Tuesday, July 07, 2009

The importance of sticking to a plan

Note: This blog has transformed from a purely entertainment-oriented blog into a place for me to share aspects of my life that others may find boring, stupid or otherwise TMI for your taste. Part of my life that I'm trying to chronicle and share with others as an exercise in getting things off my chest and airing them to the world, possibly in a call for help or even just encouragement, is my newly found passion and career change: trading. So here's your first 100% trading post...hope you enjoy...if you're still reading...

So, I trade futures. I must spend 12-14 hours a day either trading or working on my setups, back-testing, coding strategies for the software I trade with and so forth. The point of all this time spent working on strategies and such? You create battle plans while not on the battlefield, then execute them when you go back out. Sounds simple, right? Wrong.

There's this disconnect from what you planned outside of the market and the execution of that plan while in the market and it is truly the most difficult aspect of trading. If not done properly, you can lose a lot of money really fast.

See, as a trader you look at yourself as a casino. You have an edge and over a large enough # of outcomes your edge will payoff, how much depends on how great you edge is. Well, the difficulty comes when you're trading a plan and you only trade 25% of the potential trades...and that's where I'm stuck: if you don't trade EVERY setup you're not going to properly execute the plan and realize the profits your edge should be yielding. Through fear, confusion and an assumption that you know what's going to happen, the execution of your plan is sabotaged by the very person who created it. I'm 100% convinced that the ONLY thing standing in the way of my becoming a successful trader is Bryan Mills.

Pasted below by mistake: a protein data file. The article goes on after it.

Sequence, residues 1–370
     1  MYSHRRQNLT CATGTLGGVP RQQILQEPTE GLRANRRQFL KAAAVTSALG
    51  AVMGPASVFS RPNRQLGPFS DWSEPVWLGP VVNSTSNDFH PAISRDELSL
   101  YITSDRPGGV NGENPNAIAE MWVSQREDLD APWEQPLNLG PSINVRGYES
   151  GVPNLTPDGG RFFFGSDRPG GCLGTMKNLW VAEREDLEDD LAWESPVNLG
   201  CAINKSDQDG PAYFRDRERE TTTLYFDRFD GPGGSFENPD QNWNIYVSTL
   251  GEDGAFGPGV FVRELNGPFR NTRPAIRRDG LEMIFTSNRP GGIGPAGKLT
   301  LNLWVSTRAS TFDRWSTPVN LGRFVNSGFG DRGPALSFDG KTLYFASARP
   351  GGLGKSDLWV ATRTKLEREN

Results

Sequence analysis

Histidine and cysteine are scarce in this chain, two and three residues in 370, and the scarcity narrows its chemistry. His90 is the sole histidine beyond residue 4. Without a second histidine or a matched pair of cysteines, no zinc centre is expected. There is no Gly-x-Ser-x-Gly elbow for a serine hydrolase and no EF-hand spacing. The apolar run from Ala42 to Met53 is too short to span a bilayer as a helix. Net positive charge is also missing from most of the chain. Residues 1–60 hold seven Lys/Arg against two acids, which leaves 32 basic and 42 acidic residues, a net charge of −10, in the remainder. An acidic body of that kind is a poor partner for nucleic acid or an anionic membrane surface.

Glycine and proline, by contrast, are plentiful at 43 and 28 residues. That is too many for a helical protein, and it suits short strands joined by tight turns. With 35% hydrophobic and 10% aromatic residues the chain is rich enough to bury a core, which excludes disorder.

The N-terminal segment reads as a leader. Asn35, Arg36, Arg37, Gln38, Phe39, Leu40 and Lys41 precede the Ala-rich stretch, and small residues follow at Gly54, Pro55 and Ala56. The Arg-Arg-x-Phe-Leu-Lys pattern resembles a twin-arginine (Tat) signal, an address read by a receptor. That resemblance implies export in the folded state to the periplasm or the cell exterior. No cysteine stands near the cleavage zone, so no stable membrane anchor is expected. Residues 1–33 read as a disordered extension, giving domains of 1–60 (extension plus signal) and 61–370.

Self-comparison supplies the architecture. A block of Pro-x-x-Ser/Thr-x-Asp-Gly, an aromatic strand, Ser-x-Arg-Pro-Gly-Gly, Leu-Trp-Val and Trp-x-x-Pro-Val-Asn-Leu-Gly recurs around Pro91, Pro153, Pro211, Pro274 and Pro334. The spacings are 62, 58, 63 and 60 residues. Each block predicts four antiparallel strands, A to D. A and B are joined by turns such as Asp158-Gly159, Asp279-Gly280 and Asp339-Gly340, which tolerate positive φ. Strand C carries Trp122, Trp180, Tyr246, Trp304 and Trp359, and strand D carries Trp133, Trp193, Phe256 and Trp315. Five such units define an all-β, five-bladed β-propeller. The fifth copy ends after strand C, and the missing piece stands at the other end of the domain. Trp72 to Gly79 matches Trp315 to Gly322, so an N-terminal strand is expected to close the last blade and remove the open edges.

How do you get around it? Well, you just sort of have to close your eyes and jump off the cliff, knowing that the parachute you packed is going to work. You eliminate yourself from the equation as much as humanly possible and basically become an emotionless, non-judgemental robot that reacts with no hesitation and complete faith in a system. The most difficult thing about that is knowing that you will fail some of the time and that failure is a requirement for success. How crazy is that? In order to succeed, you need to fail...and the human mind is quite incapable of easily grasping that concept, without some serious re-programming, or at least to the extent that I push it. I mean, there are certain days where I may only be 55% successful, yet turn a nice profit. Imagine if you coded software and 55% of the time the programs you coded worked...or making necklaces only 55% of the time that didn't fall apart...you get the idea.

Right now I feel like an addict going through rehab. I'm having to abandon the desire/need to be right and to be successful 100% of the time, and it's tough, but I can't achieve the level of success I want without letting go of the desire to be right.

So, that's where I am. Am I happy about it? Hell no! Is it something that gets better with each trade? You bet! It just takes practice and consistency and those are things that are a daily goal, no matter how difficult it may be...

1 comment:

Paula said...

Sounds like some important life skills... keep at it!